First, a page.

Chicago Murderer’s Candidacy Denied

Kenneth E. Bates, convicted of shooting a woman in 1985, has been banned from holding office in LIUNA Local 2 in Chicago. He was nominated to run for executive board member. LIUNA’s “in-house trial judge” Peter Vaira, ruled Feb. 23 that Bates is disqualified as a candidate because of his conviction. Federal labor law bars anyone convicted of murder and certain other felonies from holding union office for 13 years after being released from prison. But the federal judge who imposed the sentence can drop the restriction, which Bates said he’ll attempt to have done. He was sentenced to prison in 1986 and released in 1997.

Jim McGough of Laborers for Justice, a dissident group, challenged Bates’ nomination. McGough has dubbed the opposition the “Organized Crime Slate.” Local 2 is part of the Chicago Laborers Dist. Council which voted in 1999 to cooperate with the DOJ and LIUNA’s controversial “reform” effort. [Chi. Sun-Times 2/27/01]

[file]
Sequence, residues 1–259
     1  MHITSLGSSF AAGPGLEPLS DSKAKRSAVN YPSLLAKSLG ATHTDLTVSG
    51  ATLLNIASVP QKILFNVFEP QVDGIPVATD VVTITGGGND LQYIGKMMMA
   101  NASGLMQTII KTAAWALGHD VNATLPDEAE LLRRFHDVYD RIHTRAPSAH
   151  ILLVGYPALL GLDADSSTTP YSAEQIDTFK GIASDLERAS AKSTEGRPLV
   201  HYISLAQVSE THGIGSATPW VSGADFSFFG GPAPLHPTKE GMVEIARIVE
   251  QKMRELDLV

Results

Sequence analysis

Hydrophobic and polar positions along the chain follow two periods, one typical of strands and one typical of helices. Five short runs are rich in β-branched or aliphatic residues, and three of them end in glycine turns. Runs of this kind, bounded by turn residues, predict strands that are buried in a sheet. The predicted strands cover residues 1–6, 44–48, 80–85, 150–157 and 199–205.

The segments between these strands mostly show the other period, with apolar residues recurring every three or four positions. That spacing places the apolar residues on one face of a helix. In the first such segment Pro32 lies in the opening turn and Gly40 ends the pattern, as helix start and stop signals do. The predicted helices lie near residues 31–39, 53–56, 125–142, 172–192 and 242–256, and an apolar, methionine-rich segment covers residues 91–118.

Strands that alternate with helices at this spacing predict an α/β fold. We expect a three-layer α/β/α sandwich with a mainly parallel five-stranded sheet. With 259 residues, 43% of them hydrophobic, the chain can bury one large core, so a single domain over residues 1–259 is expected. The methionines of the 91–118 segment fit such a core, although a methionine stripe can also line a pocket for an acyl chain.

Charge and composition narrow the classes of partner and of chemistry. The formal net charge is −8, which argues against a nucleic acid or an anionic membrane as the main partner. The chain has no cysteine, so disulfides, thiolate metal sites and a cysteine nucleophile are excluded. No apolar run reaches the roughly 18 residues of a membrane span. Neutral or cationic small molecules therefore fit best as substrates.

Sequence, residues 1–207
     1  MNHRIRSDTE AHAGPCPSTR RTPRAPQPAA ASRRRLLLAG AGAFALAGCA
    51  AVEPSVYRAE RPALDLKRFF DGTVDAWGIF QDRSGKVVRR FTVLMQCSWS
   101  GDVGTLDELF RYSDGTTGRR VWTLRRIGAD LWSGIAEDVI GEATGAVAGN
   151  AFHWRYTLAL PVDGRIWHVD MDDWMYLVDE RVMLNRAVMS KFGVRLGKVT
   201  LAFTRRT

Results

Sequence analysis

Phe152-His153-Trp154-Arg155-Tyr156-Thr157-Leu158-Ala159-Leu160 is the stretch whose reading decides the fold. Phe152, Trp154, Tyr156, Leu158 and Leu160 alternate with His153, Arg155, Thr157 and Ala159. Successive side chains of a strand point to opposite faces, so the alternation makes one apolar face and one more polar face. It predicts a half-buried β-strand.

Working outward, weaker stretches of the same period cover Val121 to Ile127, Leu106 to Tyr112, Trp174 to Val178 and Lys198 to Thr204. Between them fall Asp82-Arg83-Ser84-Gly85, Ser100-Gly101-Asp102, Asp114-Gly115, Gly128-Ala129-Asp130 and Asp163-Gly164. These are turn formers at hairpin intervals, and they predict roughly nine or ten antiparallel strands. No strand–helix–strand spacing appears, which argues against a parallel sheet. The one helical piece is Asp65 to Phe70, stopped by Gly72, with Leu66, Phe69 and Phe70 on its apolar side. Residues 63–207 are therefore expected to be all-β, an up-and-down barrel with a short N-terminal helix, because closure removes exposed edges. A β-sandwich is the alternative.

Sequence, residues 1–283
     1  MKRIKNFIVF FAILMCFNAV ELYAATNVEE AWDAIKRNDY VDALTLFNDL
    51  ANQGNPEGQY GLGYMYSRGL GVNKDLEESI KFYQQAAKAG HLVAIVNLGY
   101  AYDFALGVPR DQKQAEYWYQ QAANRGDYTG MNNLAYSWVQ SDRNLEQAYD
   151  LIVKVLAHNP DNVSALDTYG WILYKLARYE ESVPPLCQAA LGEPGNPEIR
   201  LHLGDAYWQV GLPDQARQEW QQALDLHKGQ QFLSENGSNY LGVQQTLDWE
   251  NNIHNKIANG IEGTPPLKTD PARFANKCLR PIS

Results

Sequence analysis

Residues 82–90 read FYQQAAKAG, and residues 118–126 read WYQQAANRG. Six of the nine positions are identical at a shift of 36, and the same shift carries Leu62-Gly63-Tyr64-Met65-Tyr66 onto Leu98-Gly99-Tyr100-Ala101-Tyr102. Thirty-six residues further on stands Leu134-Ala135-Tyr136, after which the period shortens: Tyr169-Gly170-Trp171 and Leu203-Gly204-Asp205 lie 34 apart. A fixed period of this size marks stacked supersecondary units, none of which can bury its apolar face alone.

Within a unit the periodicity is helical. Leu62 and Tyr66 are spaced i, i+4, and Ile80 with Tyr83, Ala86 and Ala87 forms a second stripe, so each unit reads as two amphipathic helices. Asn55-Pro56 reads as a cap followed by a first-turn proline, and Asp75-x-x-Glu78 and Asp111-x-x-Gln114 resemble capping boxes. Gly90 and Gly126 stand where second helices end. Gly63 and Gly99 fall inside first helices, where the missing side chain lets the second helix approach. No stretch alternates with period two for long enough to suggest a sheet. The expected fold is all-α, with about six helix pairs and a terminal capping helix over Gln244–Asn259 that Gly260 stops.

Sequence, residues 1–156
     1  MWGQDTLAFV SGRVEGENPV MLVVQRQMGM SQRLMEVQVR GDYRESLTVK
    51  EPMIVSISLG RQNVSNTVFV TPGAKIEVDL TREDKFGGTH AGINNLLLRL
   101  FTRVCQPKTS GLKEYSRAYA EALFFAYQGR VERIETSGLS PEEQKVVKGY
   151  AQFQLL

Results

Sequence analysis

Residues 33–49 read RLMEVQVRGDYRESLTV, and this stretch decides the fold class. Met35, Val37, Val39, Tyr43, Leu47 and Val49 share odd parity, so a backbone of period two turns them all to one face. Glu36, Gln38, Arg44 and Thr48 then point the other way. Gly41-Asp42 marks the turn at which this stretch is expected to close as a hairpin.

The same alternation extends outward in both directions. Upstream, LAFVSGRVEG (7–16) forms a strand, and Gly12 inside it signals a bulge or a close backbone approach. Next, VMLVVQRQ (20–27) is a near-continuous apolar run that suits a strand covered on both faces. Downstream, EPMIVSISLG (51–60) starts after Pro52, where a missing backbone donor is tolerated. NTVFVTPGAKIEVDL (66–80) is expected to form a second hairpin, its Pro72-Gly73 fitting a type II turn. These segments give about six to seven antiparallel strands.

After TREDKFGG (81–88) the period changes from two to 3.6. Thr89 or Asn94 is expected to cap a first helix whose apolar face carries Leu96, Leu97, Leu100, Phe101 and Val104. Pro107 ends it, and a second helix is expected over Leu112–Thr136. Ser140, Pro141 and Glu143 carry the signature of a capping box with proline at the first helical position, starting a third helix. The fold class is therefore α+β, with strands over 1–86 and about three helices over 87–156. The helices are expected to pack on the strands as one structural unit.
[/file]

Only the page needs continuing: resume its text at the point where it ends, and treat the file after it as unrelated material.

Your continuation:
New Info on McAuliffe’s Role in Money-Laundering Scandal
Terry McAuliffe, top Clinton fundraiser and DNC Chairman, may not have been the uninvolved bystander he claims he was in the money-laundering scandal that led to the indictment of ex-Int’l Bhd. of Teamsters boss Ron Carey. McAuliffe has said he had nothing to do with the alleged scheme by which Democratic contributors gave to Carey’s 1996 campaign, in exchange, IBT gave large sums to the Democratic Party. But the Phil. Inquirer cites sworn testimony from Democratic and union sources that McAuliffe was, in fact, a “prime mover” and “main intermediary” in raising the money from Democratic donors for Carey’s campaign. [“Special Report with Brit Hume,” Fox News 2/20/01]